Marijuana crime: Are police turning 'a blind eye' to pot charges?
'It's kind of the new vagrancy charge,' criminologist says
When Marc Emery returns to Canada later Tuesday, after having served his five-year prison sentence in the U.S. for selling marijuana seeds to Americans, the pot activist will return to a country where there appears to be "just a lack of enthusiasm on the part of police" to enforce possession laws.
- Watch Marc Emery's arrival in Windsor, Ont., live on CBCnews.ca around 4 p.m. ET
"There's a huge amount of discretion. It's kind of the new vagrancy charge, really," said Neil Boyd, professor and director of Simon Fraser University's school of criminology.
A phone survey conducted by Ipsos Reid between Jan. 30 and Feb. 7, 2014, suggested that 70 per cent of 3,000 Canadians polled want to see pot possession either legalized or decriminalized. The margin of error of the poll was plus or minus 1.8 per cent, 19 times out of 20.
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But more significantly to the pot law liberalization cause, just a year ago, the Canadian Association of Chiefs of Police proposed a ticketing option for simple possession cases, saying that the current process of sending such cases to criminal court was placing a "significant burden" on the justice system.
"Under the current legislation, the only enforcement option for police when confronted with simple possession of cannabis is either to turn a blind eye or lay charges."
According to Statistics Canada, since 2009, the total number of people charged for marijuana possession hasn't changed that much in recent years — 24,056 (2009), 26,570 (2010), 27,997 (2011), 26,099 (2012), and 25,786 (2013).
'A useful tool' for police
While the number of charges may seem high, it's difficult to determine which ones are stand-alone charges, meaning charges in which individuals were solely charged for pot possession and did not have it tagged on as part of a group of other charges.
"I've heard from some police officers, [the cannabis possession charge] is a useful tool for people who commit other more significant crimes not because it, in and of itself, is particularly problematic," Boyd said. "So it's a lever that can be used against people."
"On the one hand, [police] don't want to chase people for small amounts of marijuana," added Anthony Moustacalis, president of the Criminal Lawyers' Association. "On the other hand, it's sometimes helpful for police to have that in their back pocket if they want to do more intrusive searches of people."
Moustacalis said he believes that the number of marijuana possession charges tends to fluctuate, but that they're generally down.
"They fluctuate depending on the current views of the local police force and any pressure put on them by situations that arise," Moustacalis said.
For example, if police get complaints about people repeatedly smoking pot in a park where parents want to take their kids, police may lay charges to clear out the pot smokers.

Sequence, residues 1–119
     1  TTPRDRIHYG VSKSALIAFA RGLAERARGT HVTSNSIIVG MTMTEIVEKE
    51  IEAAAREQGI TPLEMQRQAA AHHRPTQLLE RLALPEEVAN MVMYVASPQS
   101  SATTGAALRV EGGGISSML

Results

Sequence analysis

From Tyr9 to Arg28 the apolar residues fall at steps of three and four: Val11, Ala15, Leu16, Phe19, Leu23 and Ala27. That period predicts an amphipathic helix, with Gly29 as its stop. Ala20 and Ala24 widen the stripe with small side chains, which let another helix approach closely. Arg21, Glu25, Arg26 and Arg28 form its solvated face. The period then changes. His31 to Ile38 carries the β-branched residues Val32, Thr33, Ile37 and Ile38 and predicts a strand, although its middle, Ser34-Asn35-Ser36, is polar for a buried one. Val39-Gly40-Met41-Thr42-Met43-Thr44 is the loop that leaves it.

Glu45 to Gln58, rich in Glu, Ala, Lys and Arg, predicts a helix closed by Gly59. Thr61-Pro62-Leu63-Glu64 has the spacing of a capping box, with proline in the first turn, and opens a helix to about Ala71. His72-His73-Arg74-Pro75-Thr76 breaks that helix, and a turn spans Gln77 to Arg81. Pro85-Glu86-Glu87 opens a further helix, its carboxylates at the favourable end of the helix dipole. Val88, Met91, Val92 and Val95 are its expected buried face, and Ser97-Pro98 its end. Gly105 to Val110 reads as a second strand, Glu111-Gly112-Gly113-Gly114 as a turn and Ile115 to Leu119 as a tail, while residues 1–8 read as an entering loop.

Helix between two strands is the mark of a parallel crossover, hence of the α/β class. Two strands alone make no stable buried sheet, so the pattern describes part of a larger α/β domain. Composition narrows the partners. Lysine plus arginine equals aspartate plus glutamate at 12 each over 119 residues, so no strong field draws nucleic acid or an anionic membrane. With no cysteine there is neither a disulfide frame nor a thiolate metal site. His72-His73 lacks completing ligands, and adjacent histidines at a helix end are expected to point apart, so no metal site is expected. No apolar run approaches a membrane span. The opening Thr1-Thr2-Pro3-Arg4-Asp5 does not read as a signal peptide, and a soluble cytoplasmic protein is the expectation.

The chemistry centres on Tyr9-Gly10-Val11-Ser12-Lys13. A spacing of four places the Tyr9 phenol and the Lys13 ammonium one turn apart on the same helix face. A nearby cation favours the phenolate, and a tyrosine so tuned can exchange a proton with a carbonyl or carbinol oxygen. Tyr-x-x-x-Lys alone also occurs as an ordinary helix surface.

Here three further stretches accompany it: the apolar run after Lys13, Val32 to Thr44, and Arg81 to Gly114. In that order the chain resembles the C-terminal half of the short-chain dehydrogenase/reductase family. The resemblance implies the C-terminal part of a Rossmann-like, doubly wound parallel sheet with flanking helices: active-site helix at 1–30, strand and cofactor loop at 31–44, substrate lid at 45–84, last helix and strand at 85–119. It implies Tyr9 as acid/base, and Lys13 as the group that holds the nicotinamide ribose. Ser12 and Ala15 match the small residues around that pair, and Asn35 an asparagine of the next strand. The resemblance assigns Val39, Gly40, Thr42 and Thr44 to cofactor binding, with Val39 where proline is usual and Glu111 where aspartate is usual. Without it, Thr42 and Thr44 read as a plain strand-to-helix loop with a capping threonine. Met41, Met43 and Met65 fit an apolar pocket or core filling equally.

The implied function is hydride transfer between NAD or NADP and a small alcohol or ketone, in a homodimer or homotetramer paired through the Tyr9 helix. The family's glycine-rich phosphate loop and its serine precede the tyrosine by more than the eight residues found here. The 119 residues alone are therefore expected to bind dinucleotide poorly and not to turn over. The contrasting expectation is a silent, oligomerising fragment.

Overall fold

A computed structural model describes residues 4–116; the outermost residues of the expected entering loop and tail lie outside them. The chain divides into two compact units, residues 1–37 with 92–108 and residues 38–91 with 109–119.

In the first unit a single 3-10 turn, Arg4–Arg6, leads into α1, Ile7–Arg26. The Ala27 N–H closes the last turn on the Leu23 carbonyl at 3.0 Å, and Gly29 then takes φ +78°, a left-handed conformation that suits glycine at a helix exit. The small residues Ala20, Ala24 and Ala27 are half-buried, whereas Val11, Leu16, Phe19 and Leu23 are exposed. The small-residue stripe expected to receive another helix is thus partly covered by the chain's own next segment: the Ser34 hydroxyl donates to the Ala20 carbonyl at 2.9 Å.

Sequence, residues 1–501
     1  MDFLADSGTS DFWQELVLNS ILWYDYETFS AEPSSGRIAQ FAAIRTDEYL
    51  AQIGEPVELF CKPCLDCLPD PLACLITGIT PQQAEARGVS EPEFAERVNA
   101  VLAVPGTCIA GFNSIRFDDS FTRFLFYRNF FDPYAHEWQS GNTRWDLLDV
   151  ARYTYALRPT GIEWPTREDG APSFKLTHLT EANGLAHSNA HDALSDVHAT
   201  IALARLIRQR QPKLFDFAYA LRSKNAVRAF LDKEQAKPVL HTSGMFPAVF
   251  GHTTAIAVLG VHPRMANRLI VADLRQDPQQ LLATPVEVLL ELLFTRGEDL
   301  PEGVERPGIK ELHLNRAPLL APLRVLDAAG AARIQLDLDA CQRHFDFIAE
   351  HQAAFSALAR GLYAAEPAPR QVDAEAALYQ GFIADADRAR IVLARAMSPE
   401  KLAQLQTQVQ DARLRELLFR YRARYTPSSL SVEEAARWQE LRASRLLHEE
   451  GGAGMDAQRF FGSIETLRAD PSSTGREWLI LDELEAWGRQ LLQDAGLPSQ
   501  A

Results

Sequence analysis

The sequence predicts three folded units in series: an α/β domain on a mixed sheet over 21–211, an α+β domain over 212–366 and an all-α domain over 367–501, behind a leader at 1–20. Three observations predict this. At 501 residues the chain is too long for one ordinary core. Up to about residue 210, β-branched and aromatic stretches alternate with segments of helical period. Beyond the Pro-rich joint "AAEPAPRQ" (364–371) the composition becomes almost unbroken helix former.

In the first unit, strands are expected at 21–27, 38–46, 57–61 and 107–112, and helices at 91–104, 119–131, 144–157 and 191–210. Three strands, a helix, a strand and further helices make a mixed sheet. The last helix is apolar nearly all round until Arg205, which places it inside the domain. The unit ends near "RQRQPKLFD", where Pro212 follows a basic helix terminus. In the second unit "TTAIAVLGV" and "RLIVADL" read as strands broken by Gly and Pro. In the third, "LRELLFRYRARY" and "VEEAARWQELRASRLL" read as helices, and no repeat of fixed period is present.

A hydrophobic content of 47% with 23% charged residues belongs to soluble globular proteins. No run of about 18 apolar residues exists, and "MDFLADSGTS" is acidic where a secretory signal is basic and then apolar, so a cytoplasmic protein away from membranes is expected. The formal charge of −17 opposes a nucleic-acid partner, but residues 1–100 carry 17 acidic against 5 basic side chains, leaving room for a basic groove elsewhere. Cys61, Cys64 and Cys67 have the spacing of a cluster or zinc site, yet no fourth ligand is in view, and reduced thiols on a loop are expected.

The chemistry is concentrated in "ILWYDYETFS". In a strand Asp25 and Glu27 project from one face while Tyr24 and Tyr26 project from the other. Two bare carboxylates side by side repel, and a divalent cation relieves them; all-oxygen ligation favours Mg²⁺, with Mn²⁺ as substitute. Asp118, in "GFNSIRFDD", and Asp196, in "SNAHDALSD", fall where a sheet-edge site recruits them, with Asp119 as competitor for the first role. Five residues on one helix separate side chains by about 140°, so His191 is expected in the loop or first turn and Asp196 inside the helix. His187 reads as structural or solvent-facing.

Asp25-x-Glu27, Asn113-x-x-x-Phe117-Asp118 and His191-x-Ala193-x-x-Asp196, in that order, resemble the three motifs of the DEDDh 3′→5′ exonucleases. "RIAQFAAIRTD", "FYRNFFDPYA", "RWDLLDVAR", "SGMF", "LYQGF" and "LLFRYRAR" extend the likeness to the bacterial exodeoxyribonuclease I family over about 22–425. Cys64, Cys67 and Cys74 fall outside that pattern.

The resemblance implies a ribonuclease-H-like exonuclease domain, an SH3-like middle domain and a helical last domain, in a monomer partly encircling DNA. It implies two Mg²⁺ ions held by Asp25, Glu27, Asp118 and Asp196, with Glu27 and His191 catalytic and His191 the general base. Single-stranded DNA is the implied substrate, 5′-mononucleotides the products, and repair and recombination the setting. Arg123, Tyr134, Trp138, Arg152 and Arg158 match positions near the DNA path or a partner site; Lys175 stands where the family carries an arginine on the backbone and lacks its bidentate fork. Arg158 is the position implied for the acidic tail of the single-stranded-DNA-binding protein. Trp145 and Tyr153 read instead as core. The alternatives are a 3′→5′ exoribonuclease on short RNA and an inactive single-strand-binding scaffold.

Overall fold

'Not being taken as stridently seriously'
In Toronto, however, Moustacalis said there's a policy that the public prosecution service will drop marijuana possession charges if police don't get disclosure, or copy of the evidence, to court in a timely fashion. The result: charges are down, he said.
"It shows that I guess it's not being taken as stridently seriously as it used to be."
In his report, The Enforcement of Marijuana Possession Offences in British Columbia: A Blueprint for Change, Boyd found the RCMP and the Vancouver Police Department have very different approaches and that the RCMP is much tougher in going after marijuana possession offences. Not surprisingly, charges for cannabis possession in Vancouver were much lower than in other parts of the province policed by the RCMP, his report found.
Boyd cited an email from the Vancouver police that noted: "We feel that it is important to note in this debate that the VPD does not place a high investigative or enforcement priority on people for cannabis possession only. In fact, where charges are recommended, in the vast majority of cases the cannabis possession charge is one of usually several more serious offences involved in the same incident."
Moustacalis said the Department of Justice generally has a policy that anyone caught with under 30 grams they will divert the charges, which means the matter will be dealt with in an alternative way that will not result in the person getting a criminal record.
But if someone is charged again or caught with marijuana in a car (where impairment might be an issue) police may be less flexible.
Mostly, Moustacalis said, police will leave people alone if they're smoking marijuana in their own home.
Ten years ago, if there was some pot in the middle of the table, police would charge everybody," he said. "You don't see that. You're basically free to smoke marijuana in your house, unless you're growing a lot of it or there's some issue about you selling it, then they don't bother you."